Making mats for homeless Philadelphians
By Barbara Sherf
New York Opera and Broadway singer Leigh Munro, who teaches “Singing for Seniors” at her Chestnut Hill Voice Studio, is amazed at the volunteer ideas one can find on the internet.
Six months ago, Munro, 76, who also teaches singing at Center on the Hill in Chestnut Hill, was checking off items on her “bucket list.” She already knew how to knit, but she didn’t know how to crochet, so she looked it up on YouTube and discovered a video on making sleeping mats for the homeless by crocheting plastic grocery bags together. Yes, those same bags that litter our streets and attach themselves to tree limbs can have a useful second life.
“There was a panoply of videos, but the one about the mats really struck me,” she says. “What a motivator to learn to do something that is beneficial to those sleeping on the streets of our city – to give them a dry surface that is lightweight and portable.” Munro says.
She notes that 500 to 700 bags are needed to create one mat. “I started going to the Acme,” she says, “and they were like, ‘Here comes the bag lady,’ and they would give me bags that customers had recycled, as well as boxes of store bags that had some minor defects.”
A resident of the Chestnut Hill Towers apartment complex for 18 years, Munro laughs that she opens her front door to find bags full of bags.
Munro asked her students to bring bags to Center on the Hill, where executive director Leslie Lefer ended up seeing a finished mat and thought it would make a great volunteer project.
Eighteen seniors signed up for the first meeting at Center on the Hill to organize volunteers to help make the mats, and Lefer had to change the location when more than twice that number showed up. At the second meeting, 50 volunteers came out to help. Now the volunteers meet twice a month to work on the mats. Munro, who had been busy making eight mats over the previous six months, enjoys sharing the process for making the mats with seniors.
“First we straighten [the bags] out and use a rotary cutter to cut the handles off the top and the seams at the bottom,” says Munro, a longtime crafter. “Then we use oversized needles to crochet the bags, which we call ‘plarn’ for plastic yarn. At first, I was getting creative with patterns, but then I realized that they don’t need to be pretty and perfect if it gets the job done in terms of giving the homeless a lightweight mat that is clean and keeps them off of the wet ground.”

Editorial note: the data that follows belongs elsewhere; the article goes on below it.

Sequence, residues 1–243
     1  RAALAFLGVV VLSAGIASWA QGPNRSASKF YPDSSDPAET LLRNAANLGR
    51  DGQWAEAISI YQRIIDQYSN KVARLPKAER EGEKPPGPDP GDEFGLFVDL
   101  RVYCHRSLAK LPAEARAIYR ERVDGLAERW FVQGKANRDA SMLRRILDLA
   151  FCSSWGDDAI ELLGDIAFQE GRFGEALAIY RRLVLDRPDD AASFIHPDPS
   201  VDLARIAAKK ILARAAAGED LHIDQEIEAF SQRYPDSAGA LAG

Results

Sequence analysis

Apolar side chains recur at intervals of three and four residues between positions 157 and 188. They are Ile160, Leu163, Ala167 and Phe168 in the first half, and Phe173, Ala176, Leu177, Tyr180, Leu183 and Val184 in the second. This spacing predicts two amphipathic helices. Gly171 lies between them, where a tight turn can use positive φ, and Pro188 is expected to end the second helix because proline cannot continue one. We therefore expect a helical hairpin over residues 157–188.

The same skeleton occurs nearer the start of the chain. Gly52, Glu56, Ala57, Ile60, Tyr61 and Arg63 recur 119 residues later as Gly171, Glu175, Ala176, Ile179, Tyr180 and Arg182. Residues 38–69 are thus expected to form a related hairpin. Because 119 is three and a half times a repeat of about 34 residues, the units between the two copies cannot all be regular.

On a recent outing with a friend, Munro saw a line of homeless people waiting for food outside of Trinity Church on Rittenhouse Square, and the pair pulled over and handed out the eight mats she had made.
“There is something special in being able to hand a mat directly to someone and give them a hug of hope,” Munro says. “They were beyond grateful. I just wish I had had five times the number of mats. In fact, I rushed home and started another mat, which I’ve almost completed. I can see they’re making a difference. The men and women loved them, especially the carrying straps that make them easy to tote around.”
Munro notes that the mats are durable, waterproof and bugproof. They can also be hosed down when necessary.
“The crochet stitches reinforce the strength of the plastic,” she says. “I try to make each one a little different with different-colored bags. The women want the pretty ones with yellow and blue stripes.”
At the next meeting, Munro planned to urge the volunteers to get as many mats finished as quickly as possible.
“Hopefully, I’ll be able to motivate them,” Munro says. “If I can adequately describe the faces of gratitude I saw, I’m sure we will be on our way toward getting more mats out there on the streets.”
Munro is a firm believer in finding something to do in terms of volunteering that speaks to you while giving joy to someone less fortunate.
“I feel blessed, being able to volunteer and give back,” Munro says. “Life is so great; you never know what you are going to get into. There are so many volunteer opportunities out there. If you have a computer, just Google “projects for seniors” and find something that interests you. Some people like to volunteer with children; others like crafts. Whatever it is, just jump in and do it. Life is not a dress rehearsal. We are in a performance, and we need to step up onto the stage.”
* * *
CAPTION: Leigh Munro (right) hands out a sleeping mat, which she made using plastic bags, at Trinity Church in Rittenhouse Square. (Photo by Paul Anderso)
- Elder Abuse
- Elder Care
- Headlines on Aging
- Legal Matters
- Mental health
- Milestones eNews
- News about PCA
- PCA News Bulletin